Wednesday, October 14, 2009

Pterodactyl fossil fills gaps in evolutionary tale

(CNN) -- Scientists say a very rare find of some 20 fossilized pterodactyls has produced the first clear evidence of a controversial theory of evolution.

The fossils were found in north-east China earlier this year, embedded in rock dating back 160 million years, and have been called "Darwinopterus" after the renowned naturalist Charles Darwin.

The creature's discovery has astounded scientists because their age puts them within two recognized groups of pterodactyls -- primitive long-tailed forms and advanced short-tail forms -- and they display characteristics of both.

The combination of features indicates that the primitive pterodactyls evolved relatively quickly, and that certain groups of features changed at the same time.

The researchers say more study is needed to substantiate the idea of that evolution could occur relatively quickly, and that whole parts of a plant or animal's body could change at once.

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Oh no!!

Here is the evidence needed to finally defeat all those crazy creationists!!

A missing link!!!

Wait, what?

Nope, false alarm.

Looks like we have yet another example of micro-evolution which is evident in many species today.

This is nothing more than a series of changes within species and not the great leap in evolution of one species into another species.


Sorry for the interruption and now back to our regular programming.

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The Christian's interpreter


The Word of God is the Christian's rule--and the Spirit of God is the Christian's guide.

"All Scripture is given by inspiration of God, and is profitable for doctrine, for reproof, for correction, for instruction in righteousness," 2 Timothy 3:16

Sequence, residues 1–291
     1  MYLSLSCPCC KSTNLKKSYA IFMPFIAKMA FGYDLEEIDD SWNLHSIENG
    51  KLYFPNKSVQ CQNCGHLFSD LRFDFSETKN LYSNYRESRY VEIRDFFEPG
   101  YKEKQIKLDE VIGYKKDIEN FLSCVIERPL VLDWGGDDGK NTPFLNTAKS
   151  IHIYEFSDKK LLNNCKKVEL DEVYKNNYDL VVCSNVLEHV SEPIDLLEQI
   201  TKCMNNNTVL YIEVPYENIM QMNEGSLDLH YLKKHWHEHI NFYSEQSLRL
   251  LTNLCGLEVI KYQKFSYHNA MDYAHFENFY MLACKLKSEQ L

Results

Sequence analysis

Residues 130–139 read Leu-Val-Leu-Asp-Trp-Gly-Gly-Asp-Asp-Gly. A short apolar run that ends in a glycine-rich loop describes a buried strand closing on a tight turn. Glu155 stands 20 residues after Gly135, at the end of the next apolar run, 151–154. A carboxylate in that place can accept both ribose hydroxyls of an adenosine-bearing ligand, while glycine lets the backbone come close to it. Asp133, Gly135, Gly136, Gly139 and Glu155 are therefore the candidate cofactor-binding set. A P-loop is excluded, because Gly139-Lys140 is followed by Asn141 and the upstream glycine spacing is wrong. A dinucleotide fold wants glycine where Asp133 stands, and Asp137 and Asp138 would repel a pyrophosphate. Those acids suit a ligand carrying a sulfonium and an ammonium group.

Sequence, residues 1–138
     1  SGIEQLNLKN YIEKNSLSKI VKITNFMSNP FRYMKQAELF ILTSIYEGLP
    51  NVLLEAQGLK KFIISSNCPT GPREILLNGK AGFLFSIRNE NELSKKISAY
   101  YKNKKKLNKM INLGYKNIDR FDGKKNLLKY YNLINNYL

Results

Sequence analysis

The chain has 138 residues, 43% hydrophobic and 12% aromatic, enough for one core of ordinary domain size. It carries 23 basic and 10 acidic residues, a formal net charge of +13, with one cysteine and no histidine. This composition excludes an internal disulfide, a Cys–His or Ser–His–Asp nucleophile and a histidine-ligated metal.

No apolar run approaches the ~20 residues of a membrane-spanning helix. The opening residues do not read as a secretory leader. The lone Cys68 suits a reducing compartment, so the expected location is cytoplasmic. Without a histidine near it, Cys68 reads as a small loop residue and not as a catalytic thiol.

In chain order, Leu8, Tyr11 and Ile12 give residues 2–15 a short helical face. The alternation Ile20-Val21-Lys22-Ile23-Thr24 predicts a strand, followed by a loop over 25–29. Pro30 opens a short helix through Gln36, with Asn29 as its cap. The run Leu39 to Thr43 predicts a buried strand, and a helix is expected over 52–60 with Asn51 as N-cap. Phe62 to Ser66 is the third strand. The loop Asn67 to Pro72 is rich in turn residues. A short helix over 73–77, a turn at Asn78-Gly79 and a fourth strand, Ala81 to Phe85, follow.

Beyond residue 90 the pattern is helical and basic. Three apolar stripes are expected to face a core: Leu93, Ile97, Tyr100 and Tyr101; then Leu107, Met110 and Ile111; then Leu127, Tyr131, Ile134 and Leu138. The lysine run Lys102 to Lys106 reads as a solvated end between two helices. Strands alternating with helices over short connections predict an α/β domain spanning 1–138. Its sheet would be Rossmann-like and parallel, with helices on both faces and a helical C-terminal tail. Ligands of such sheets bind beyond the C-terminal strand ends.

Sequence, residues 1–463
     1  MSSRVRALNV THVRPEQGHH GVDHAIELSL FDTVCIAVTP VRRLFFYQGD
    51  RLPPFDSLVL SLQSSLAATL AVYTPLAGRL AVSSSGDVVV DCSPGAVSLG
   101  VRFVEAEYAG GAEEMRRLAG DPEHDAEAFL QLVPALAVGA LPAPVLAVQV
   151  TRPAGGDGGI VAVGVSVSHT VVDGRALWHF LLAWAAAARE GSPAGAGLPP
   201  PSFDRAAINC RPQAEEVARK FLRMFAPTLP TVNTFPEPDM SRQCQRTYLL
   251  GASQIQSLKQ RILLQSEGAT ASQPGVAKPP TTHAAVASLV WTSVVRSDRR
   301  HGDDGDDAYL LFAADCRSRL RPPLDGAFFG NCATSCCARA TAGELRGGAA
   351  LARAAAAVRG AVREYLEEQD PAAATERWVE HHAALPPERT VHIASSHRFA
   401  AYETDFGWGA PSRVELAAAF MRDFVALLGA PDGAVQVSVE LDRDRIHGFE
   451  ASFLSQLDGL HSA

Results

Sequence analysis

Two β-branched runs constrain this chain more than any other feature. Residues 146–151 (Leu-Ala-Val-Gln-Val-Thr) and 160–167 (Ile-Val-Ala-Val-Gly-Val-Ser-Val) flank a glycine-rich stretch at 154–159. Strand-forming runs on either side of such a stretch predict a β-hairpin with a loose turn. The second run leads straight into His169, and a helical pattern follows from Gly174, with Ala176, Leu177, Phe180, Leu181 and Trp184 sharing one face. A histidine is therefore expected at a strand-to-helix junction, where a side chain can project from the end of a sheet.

"But when He, the Spirit of truth, comes--He will guide you into all truth." John 16:13

Most people walk by false rules:

1. Some walk by popular opinions.
2. Some walk by worldly customs.
3. Some walk by providence.
4. Some walk by conscience.
5. Some walk by their own reason.
6. Some walk by other men's examples.
7. Some walk by their own lusts.

But, oh! my dear friends, let me beseech you to walk by none of these false rules--but keep close to the Word and Spirit of God.

William Dyer

26 comments:

ExPatMatt said...

Wayne,

Didn't we establish quite some time ago that you don't know nearly enough about science (or evolution specifically) for your opinion on the subject to be worth anything?

And here's why...

"Here is the evidence needed to finally defeat all those crazy creationists!!".

Wrong. This is evidence regarding the evolution of one specific lineage of pterosaurs that contains potential clues that may apply to other lineages too, nothing will 'defeat' the "crazy creationists" because evidence doesn't matter to them.

"Looks like we have yet another example of micro-evolution which is evident in many species today".

Is this opinion based on anything? Have you read the published paper? Or is it just something you pulled out of your 'creationist stock catch-phrase' collection?


"This is nothing more than a series of changes within species and not the great leap in evolution of one species into another species".

You know that even Ray Comfort accepts speciation, right? That is, one or more new species diverging from a parent population.

You know that we've observed this multiple times in our lifetimes, right?

You know that evolution does not predict crockoducks, right?


Why bother even posting anything about evolution?

All you'll ever do is hand-wave and ignore the evidence in favour of your interpretation of your holy book, so why bother even bringing it up as if you're actually interested in the subject?

Bizarre.

Nohm said...

Wayne,

With all due respect, I encourage you to learn about the actual claims of how evolution works and what it is, before making statements like you did above.

You can think that evolution is complete bunk all you like; I have no problem with that. But if you're going to mock it (which I think you have every right to do), it would be best to first understand what it is you're mocking.

For example:

I doubt either of us would find it very strange if someone said, "I don't like The Smurfs."